Nunchaku (New): To hit 7, $50, 2 lbs., 1 GE, HTH only, 1 point of damage to pedestrians. The Martial Arts skill is used for this weapon instead of the Blade skill. All bonuses for to hit rolls, damage, and extra attacks given by the Martial Arts skill apply to the use of this weapon as well.

Replica Spear: Change damage to 1d6-4, weighs 5 lbs., 2-handed weapon when set to receive a charge, 1-handed weapon when charging or stationary but not set to receive a charge. This weapon can attack out to two squares past the edge of the characters counter. When stationary, if a successful hit is rolled, and the target was a living being, who hasn't attacked yet, that target is kept at a 2-square range for that turn and may only use missile weapons or melee weapons at least as long as the spear to engage the character. Characters may charge their full movement and still attack with a spear. This increases the damage to 1d6-3, but allows the target to close normally even if hit. Characters with spears on vehicles or animals that hit a target apply full collision damage to the target based on the mounts speed. Also if a target moves into a set spear (the carrier remains stationary for the full turn and uses two hands to hold the spear) and is hit, the target takes full collision damage based on its speed.

Replica Sword: To hit 7, $200, 3 lbs., 2 GEs, HTH only, 1d6-1 damage to pedestrians and tires.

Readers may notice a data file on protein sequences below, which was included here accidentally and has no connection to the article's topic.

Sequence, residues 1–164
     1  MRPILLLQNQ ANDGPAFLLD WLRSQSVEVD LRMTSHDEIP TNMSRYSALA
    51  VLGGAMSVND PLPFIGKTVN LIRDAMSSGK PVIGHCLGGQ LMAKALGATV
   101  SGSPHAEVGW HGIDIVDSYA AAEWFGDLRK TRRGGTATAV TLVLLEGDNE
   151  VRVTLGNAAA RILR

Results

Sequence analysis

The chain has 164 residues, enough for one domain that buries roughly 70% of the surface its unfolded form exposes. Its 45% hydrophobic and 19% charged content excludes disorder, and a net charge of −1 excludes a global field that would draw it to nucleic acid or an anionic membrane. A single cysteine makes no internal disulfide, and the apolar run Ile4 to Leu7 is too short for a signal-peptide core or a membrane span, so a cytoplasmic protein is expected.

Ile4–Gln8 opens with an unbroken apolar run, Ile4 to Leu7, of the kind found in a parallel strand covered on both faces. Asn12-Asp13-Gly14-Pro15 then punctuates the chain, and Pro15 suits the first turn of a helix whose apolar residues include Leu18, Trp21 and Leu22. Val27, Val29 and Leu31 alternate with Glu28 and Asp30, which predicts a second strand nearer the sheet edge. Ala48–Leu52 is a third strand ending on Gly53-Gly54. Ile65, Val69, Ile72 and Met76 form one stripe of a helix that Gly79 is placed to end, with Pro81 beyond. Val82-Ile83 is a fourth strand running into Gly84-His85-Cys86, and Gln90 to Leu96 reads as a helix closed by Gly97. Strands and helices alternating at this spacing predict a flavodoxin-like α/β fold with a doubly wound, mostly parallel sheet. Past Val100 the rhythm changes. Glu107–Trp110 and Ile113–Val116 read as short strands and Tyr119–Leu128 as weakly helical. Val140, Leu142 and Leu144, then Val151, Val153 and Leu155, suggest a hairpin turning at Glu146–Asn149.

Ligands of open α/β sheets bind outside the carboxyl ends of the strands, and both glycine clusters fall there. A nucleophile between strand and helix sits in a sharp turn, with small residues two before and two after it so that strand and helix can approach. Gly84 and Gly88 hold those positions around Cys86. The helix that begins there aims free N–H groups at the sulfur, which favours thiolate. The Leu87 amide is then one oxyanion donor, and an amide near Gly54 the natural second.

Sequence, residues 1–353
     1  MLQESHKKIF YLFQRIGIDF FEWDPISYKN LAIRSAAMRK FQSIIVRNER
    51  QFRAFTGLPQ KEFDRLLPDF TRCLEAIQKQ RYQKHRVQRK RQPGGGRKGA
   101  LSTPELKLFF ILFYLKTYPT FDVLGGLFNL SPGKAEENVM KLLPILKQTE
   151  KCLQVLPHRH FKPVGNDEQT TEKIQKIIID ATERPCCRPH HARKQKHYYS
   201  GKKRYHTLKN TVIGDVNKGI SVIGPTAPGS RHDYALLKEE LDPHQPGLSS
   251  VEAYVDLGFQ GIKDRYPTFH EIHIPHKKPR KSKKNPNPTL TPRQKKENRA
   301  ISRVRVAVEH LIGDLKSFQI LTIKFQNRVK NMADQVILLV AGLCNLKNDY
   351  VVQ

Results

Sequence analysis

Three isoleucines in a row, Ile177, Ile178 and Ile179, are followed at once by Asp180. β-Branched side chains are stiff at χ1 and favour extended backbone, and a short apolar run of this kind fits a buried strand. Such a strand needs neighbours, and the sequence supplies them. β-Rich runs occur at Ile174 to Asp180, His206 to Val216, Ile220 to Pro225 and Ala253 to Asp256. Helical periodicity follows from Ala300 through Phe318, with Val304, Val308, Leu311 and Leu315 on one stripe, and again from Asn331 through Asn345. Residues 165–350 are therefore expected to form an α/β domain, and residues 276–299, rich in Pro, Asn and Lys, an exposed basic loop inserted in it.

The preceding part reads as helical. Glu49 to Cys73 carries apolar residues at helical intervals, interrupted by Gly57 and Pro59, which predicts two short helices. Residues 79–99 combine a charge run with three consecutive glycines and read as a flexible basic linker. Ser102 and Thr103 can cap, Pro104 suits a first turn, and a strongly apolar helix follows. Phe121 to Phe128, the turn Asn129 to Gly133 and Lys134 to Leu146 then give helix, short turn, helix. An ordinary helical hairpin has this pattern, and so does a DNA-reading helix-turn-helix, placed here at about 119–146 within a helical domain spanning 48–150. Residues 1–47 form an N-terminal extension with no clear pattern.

I changed these weapons stats around because some of them had to-hit numbers and damage values that were out of line with their costs. In particular a $50 spear had the same chance to hit as a $75 short sword but did more damage, and the knife with a to-hit of 5 and minimum of 1 point of damage was too deadly.

Improvised Melee Weapons

Instead of using the rules on page 44 of CWC2.5 for picking up random debris and using it as a weapon, use the rules below.

Small, Balanced (fist-size rock, grenade, or pistol): To hit 5, 1-3 lbs., 1 GE, 1d6-4 damage (0 points possible).

Medium (tree branch or lead pipe): To hit 7, 1-8 lbs., 2 GEs, 1d6-3 damage (0 points possible).

Large (rifle or chair): To hit 9, 9 lbs. or more, 3 GEs or more, 2-handed, 1d6-2 damage (0 points possible).

Body Armor in Hand-to-Hand Combat

Does body armor (regular, improved, impact or military) get damaged by hand-to-hand weapons? I can't find a ruling so I made up the following rules.